There’s a somewhat uncomfortable mid-point between an urban park festival and a full weekend event. Ring-fencing a city park for a weekend and filling it with great music is one thing, trying to load two or three days of revelry into a space with no room for campsites and a local population too close by to risk noise pollution is quite another. By that rationale, arranging something like that on a beach should be a complete logistical nightmare, and yet Soundcrash have been doing it very successfully for the past three years.
The first two runs both took place in Camber Sands in Sussex, a place typically better known as a British family holiday destination than somewhere Theo Parish would play. As such, it’s perhaps not all that surprising that it has now made the jump to somewhere slightly more fitting – Brighton Beach.
With the jazz movement stronger than ever and funk, soul and old school hip-hop nights ruling the night schedule across most of the UK’s cities, Funk & Soul is well settled into a niche that more and more people are tumbling into. Not only that, but it relies on a solid grounding of older fans who were around when all this stuff was new. It’s an ideal balance of nostalgia and innovation, one which has come at a perfect time.
The lineup this year includes Kamasi Washington, Lee Fields & the Expressions, Gilles Peterson, The Pharcyde, Akua Naru, Romare, Hackney Colliery Band and Craig Charles. All of them are in high demand on the festival circuit across Europe, and some globally, but the bringing together of so many that fit a very particular vibe, one which Soundcrash has played a big role in engendering in London. This is, in many ways, a victory lap for the British promoter after another strong year in a seemingly endless run of strong years.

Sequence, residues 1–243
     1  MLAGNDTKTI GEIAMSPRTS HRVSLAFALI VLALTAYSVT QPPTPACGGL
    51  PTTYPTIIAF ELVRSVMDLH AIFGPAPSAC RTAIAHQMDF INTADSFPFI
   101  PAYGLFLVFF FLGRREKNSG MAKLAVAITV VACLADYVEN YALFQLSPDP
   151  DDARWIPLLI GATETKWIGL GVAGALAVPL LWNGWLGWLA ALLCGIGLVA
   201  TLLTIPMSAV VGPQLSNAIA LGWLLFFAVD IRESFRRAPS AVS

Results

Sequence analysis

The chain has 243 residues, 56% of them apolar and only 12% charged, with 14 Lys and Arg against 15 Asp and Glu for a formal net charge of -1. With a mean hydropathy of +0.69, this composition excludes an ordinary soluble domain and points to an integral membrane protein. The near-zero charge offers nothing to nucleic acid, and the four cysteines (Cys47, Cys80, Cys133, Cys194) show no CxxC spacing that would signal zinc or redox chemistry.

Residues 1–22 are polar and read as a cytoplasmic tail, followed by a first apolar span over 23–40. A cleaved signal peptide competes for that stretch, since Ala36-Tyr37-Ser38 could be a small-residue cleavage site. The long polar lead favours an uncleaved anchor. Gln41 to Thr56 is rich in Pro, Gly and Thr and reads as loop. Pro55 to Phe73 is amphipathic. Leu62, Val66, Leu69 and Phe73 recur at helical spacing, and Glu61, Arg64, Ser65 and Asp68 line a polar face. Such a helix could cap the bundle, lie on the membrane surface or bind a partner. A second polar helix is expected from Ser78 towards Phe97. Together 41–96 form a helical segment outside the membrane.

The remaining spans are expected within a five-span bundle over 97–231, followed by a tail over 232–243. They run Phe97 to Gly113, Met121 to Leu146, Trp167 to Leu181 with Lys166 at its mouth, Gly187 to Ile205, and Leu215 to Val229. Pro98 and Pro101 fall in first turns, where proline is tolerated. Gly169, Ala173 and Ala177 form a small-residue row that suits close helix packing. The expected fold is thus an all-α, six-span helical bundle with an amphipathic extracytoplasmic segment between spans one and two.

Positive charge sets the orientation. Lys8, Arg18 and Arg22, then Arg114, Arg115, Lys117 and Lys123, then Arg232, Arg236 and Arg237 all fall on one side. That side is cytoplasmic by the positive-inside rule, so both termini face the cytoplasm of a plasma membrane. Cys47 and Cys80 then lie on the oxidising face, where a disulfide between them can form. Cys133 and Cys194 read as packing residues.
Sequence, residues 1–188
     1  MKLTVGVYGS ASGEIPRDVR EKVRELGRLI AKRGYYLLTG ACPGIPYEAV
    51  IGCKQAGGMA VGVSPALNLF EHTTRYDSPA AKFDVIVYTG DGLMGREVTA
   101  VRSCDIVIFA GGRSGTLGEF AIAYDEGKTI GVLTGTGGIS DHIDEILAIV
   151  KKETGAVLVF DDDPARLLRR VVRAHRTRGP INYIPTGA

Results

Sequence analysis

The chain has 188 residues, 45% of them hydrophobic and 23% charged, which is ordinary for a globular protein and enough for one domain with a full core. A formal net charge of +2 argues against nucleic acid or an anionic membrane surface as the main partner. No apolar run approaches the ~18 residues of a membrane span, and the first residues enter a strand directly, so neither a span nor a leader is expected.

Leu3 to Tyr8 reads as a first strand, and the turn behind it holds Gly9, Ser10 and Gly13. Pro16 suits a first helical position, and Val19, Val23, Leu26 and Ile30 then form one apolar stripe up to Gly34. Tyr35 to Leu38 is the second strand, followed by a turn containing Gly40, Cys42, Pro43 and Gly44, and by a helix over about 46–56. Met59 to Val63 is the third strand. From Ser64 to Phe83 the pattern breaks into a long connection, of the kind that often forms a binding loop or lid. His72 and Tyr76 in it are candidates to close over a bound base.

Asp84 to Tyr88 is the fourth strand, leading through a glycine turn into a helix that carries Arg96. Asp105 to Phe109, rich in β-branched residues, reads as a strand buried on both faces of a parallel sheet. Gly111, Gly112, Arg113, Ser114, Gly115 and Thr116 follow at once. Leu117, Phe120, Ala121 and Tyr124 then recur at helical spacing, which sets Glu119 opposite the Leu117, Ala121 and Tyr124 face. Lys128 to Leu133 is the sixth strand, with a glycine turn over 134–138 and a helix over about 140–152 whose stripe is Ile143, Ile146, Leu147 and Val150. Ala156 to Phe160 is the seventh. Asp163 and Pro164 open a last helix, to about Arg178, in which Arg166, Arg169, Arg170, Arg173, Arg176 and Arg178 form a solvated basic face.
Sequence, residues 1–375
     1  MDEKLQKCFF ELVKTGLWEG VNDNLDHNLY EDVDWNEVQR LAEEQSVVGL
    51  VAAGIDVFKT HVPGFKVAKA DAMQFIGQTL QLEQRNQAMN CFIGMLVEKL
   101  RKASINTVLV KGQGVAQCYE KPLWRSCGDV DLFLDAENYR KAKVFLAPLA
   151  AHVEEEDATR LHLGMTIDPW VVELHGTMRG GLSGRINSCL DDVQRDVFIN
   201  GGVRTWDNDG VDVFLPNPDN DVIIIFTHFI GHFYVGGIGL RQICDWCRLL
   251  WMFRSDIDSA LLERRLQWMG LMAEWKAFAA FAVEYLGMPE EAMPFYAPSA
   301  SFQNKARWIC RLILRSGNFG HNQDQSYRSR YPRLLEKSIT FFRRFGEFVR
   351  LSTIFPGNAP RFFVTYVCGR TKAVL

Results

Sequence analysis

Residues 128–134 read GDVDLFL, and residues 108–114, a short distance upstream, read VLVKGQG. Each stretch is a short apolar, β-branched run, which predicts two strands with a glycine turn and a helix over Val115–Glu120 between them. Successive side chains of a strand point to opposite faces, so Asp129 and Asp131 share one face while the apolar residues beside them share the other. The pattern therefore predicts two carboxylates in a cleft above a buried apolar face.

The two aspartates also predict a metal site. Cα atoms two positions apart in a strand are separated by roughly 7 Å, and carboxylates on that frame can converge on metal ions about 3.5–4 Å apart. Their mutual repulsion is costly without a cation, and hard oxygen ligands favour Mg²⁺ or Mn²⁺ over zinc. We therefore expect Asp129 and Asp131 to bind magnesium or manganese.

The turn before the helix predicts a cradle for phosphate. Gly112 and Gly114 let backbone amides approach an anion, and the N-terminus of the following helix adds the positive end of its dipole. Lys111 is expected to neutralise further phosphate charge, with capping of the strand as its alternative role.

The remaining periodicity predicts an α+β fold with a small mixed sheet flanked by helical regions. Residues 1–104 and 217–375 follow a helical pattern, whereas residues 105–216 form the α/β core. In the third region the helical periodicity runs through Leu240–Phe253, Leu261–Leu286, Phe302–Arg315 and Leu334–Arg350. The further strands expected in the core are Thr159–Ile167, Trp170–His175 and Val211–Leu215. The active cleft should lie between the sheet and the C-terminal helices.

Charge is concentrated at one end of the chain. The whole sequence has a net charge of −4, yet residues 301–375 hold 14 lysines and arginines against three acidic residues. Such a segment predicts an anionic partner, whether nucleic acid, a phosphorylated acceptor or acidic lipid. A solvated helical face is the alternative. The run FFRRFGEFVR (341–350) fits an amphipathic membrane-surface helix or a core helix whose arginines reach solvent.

Festivals are often measured as much by the activities around the music as they are the music itself, though. In previous years, the chalets provided included a ‘Soul Station’ TV channel which helped to sell the bubble world effect more easily woven by festivals with a full field and campsite to play with. In the case of this year, the extra-curricular fun will come in the form of record fairs, film screenings, talks about music and culture and even dancing lessons. Some secret parties and adjacent events dotted around Brighton town are also promised.
There’s a definite sway towards the ‘by music lovers, for music lovers’ approach permeating everything about Funk and Soul. Stripped back, in some regards, but in a seemingly refreshing way that undercuts the somewhat dangerous trap other events have fallen into – focusing on standing out from the crowd before figuring out the lineup.